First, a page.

About two years ago, Robert Moerland's Blender illustration was used on the cover of the scientific 'Optica' magazine. This month, he was featured again!
At Delft University, we placed light emitting molecules at different distances from a thin layer of Indium Tin Oxide (ITO). ITO is popular for being both transparent and mildly conducting and therefore used a lot in displays and touch screens.
When the light emitting molecules are not too close to the ITO, 10 nm or more, they shine at full strength. But, when the molecules get very close to the ITO, less than 10 nm, the conduction electrons in the ITO start to sense the presence of the molecules via their electric field, and a strong current is generated inside the ITO. In that case, instead of emitting light, the molecule will lose its energy as heat. The amount of energy that is converted into heat instead of light is strongly dependent on the distance to the ITO: at 1 nm distance, almost all the energy of the molecule is directly transformed into heat and no light can be seen exiting the ITO. As this happens over the length scale of 10 nm, you can reverse the reasoning and measure the intensity to know the distance!*
The cover picture
The cover picture illustrates what happens between distances of 0 to 10 nm. Ball-and-stick objects represent the molecules, which glow brighter the further they are from the surface. A ribbon with marks implies a ruler for nanometer scale distances, which is implemented by measuring the intensity of the molecules.
The model is very simple (see screenshot), and was rendered with Cycles. It essentially is a cube, a plane, a curve and a model for the molecule (I am not good at modelling). The model for the molecule was converted from the PDB (protein data bank) file format to VRML with pdb2vrml by David N. Blauch. The balls that represent the atoms are a mix of a glossy shader with roughness and an emission shader. I used the Fresnel node to make the balls emit light only at the edges.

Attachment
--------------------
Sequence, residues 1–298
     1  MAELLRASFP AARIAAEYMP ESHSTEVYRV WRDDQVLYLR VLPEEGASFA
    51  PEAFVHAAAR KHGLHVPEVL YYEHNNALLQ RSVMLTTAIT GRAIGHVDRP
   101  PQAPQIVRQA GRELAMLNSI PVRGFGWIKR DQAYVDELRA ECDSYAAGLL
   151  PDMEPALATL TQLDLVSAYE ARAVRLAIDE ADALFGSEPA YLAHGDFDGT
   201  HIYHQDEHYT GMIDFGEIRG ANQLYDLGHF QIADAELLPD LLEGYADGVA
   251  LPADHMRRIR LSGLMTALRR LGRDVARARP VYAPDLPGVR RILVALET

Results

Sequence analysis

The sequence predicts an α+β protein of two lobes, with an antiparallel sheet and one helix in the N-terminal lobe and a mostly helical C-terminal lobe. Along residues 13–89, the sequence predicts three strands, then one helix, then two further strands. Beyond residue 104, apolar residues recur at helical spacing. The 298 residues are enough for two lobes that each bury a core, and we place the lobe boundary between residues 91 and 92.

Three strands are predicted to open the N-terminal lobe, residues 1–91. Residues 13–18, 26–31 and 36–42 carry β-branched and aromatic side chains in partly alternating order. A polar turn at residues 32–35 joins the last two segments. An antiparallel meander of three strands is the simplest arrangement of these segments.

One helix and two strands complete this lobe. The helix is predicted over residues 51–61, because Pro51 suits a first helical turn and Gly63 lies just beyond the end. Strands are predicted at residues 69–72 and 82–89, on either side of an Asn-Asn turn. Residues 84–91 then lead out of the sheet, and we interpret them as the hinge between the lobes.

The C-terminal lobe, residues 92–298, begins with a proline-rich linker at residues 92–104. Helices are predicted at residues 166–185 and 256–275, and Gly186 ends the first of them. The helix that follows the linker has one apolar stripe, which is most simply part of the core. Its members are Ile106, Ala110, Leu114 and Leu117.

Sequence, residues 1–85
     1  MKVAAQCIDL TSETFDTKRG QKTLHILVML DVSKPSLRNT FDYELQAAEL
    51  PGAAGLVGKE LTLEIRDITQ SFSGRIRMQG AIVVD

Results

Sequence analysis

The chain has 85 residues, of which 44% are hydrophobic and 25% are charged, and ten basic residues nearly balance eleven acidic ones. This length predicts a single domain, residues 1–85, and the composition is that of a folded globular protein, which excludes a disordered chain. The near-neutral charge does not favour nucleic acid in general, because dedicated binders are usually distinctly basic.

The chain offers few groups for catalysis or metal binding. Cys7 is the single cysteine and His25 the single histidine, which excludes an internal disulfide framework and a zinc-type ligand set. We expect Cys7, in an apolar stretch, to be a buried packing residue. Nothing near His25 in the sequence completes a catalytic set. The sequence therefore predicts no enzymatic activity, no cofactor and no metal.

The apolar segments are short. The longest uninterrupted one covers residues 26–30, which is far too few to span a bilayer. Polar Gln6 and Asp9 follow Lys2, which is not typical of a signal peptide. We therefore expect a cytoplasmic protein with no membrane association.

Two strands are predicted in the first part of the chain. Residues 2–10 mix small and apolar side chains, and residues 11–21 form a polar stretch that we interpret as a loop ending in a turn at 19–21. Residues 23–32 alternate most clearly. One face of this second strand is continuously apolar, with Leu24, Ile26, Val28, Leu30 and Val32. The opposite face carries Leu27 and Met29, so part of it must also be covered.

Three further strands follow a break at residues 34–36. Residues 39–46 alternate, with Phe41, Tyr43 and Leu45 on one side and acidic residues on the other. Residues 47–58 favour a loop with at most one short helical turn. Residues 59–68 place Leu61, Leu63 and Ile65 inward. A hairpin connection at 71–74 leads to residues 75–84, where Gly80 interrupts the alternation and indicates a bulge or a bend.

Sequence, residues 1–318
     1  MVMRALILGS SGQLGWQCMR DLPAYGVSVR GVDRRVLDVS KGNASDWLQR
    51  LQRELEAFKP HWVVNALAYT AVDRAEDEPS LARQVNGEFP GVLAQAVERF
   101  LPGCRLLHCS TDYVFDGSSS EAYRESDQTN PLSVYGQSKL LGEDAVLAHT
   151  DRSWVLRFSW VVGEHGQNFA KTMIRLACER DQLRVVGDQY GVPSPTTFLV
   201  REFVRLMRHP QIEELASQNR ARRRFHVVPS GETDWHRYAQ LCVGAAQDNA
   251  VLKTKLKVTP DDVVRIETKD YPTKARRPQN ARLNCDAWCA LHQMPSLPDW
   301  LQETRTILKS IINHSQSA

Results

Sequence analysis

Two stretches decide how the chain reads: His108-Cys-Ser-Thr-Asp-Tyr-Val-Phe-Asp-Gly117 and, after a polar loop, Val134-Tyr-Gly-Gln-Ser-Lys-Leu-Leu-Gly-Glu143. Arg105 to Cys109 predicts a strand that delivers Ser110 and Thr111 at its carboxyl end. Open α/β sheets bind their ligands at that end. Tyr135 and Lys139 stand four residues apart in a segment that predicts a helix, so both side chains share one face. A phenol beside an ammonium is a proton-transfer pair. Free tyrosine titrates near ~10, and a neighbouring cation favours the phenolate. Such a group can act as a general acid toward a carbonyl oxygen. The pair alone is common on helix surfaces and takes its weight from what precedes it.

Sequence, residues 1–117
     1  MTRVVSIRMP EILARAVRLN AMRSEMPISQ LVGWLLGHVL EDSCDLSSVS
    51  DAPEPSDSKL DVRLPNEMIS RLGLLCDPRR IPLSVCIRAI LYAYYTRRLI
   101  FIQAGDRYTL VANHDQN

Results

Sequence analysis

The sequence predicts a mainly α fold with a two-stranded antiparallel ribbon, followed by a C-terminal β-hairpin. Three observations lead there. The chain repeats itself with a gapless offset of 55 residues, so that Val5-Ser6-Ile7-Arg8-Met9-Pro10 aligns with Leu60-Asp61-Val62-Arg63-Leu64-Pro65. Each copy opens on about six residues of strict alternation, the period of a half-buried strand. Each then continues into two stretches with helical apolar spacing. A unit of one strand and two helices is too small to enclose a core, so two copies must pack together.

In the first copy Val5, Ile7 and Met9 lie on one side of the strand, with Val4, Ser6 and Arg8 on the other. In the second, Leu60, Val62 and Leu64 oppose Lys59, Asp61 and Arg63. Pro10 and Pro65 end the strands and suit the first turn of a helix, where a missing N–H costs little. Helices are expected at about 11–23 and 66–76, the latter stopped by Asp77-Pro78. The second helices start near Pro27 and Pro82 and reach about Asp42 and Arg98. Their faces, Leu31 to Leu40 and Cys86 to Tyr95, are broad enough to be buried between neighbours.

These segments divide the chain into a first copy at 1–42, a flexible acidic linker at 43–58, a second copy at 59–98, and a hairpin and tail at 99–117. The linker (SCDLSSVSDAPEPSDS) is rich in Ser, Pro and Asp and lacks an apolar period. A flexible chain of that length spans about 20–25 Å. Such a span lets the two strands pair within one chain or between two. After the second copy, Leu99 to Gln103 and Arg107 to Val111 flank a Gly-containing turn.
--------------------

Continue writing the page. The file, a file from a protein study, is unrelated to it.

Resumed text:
The cube that depicts the ITO has a texture used for bump and color, which is an actual measurement of the height of a real ITO slide. At first I only used this as a bump material, but then it wasn’t very visible. Therefore I mixed the height map into the color of the glass material of the ITO as well, darkening it slightly where it is lower.
I wasn’t, and still am not, aware of a good method to create a glow on (essentially) non-emissive objects. To get the glow that I wanted, I duplicated the molecules to a new layer and assigned an emission shader to them with a reasonable intensity. I wanted the original (non-emitting) molecules to be visible in the center of the glow. So I passed render layer of the emitting molecules in parallel through a glare node with a size of 6, and a glare node with a size of 9. Then I subtracted the size 6 from the size 9, leaving a hole in the center where the non-emitting molecules would show. I then added this to the final output.
Finally, I also wanted some light to escape from the ITO slide itself, at the edges. For full control, I again duplicated this slide to a new layer, and discarded the bump and color map. I made the glass surface have some roughness and added a point lamp inside. I only wanted light scattering from the edges, so I changed the top and bottom surfaces of this slide to completely smooth glass, and kept the roughness on the sides.
Finally I added some lens flares and did some burning and dodging in post.
*For the purists, we actually use the excited-state lifetime to probe the distance. The intensity drop is a related phenomenon.
The results were published on 22 January in the online open-access (free to read) journal Optica. The work is on the cover of the February issue. A plain English explanation of the work can be found here.